How to be your own boss

6th June 2008 at 01:00
Being a home tutor can be convenient - especially if you are juggling work and childcare, says Dawn Francis-Pester
Being a home tutor can be convenient - especially if you are juggling work and childcare, says Dawn Francis-Pester

Whether you need a few extra hours' cash a week, or a part-time job, tutoring is a relatively simple home business to set up, as long as you organise things well and present a professional image.

I left my language teaching post at an inner-city London comprehensive to have my first baby nearly six years ago. A few months later my head of department wanted to know if I would return.

Would I prefer to spend time with my soft cute cuddly baby, or with a class full of other people's big gangling teenagers? It was a quick and easy choice, although I did regret it when I checked my bank balance and realised I would have to pay back part of my maternity leave for not returning to my post. But I had burnt my bridges, and once my son could sit up on his own, I started teaching the odd language lesson from home during the day. I would sit my son on the floor, surrounded by toys, while I tried to focus on the pupil.

Usually, as the lesson drew on, I resorted to bananas or pears to keep the peace, and sometimes spent the last few minutes jiggling a baby on my hip while I conjugated verbs or talked through grammar exercises.

It was early days and I had a lot to learn. It's not hard to find tutoring work, but if you want parents and pupils to respect you and your knowledge, it is worth organising your work carefully and making sure you come across as professional.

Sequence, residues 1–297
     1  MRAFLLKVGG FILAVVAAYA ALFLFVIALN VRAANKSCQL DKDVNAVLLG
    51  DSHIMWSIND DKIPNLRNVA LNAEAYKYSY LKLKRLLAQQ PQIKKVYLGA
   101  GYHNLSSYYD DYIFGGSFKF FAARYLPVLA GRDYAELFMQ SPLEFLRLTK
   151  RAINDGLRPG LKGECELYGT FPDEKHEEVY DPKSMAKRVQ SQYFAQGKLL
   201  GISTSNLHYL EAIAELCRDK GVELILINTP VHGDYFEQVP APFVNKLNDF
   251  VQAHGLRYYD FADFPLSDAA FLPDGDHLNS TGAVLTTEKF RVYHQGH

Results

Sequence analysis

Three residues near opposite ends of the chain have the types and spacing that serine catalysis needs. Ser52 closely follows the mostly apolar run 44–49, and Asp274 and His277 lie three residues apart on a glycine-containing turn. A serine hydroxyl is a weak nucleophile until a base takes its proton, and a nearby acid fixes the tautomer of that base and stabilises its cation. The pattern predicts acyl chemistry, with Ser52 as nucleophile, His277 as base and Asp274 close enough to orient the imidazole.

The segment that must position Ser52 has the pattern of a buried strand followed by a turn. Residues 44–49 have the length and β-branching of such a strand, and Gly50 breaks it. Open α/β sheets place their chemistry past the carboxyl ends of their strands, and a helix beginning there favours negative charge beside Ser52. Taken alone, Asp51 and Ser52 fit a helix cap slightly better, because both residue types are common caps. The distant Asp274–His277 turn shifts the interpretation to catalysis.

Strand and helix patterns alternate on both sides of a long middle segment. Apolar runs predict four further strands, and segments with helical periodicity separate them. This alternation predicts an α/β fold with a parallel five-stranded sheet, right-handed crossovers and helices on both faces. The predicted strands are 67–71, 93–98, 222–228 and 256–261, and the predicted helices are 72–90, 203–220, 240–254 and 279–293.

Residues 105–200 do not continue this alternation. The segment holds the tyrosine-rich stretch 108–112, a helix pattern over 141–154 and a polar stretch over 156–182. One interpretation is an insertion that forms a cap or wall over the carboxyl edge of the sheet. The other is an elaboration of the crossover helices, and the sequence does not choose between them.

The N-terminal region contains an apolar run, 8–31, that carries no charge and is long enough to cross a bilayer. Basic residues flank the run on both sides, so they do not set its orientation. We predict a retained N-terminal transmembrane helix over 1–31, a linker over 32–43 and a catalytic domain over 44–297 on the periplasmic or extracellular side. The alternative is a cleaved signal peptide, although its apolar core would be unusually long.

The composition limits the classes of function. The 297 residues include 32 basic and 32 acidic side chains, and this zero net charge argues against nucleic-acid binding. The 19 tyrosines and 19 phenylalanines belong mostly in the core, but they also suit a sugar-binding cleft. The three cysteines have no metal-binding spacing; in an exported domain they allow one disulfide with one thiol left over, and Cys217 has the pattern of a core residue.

As with any business, you need to think clearly about what you are offering: be realistic about what you can teach, and whether you have experience and qualifications. If you have taught in school, you probably have piles of resources or ideas that you can draw on with the minimum of fuss.

If something really isn't your specialist area, but you think you could get by, decide whether you have enough material. You don't want to spend the whole of Friday evening reading up on the digestive system so you feel qualified to teach it on Saturday morning, or the whole of Sunday making resources for the week.

Are you flexible enough to teach all ages and levels? Do you know what various examination boards expect? If you don't, make sure you find out, so that you teach what's required. Pupils can usually ask a teacher for a copy of the syllabus, or at least get a rough idea of the school department's scheme of work. Be clear about the aims of your adult learners. Do they want an overview of a topic, a smattering of a language to get by on their next holiday, or are they hoping to use their knowledge for a particular job?

Are you prepared to spend time travelling to pupils' houses or would you prefer them to come to your home?

The latter may seem the easier option, but you will have to tidy up and be suitably dressed well in advance.

If you teach children in your own home, it helps if you can welcome the parents too. Put them at their ease. Offer coffee and somewhere they can sit and listen in if they wish. This is particularly important for younger or special needs pupils.

A folder containing your qualifications, letters of reference and any other relevant documents for parents or adult learners to look through is a good idea. If your welcome is genuine and the parents have confidence in you, they will probably prefer to go shopping after the first few lessons, unless you particularly want them to stay.

Timing needs careful consideration. If you are used to teaching one age range, you may be surprised at the different concentration spans and interest levels of older and younger pupils. I find half an hour of French and Spanish is enough for a primary child, but offer an hour for secondary pupils, and sometimes more for adult learners, who may learn in couples or small groups.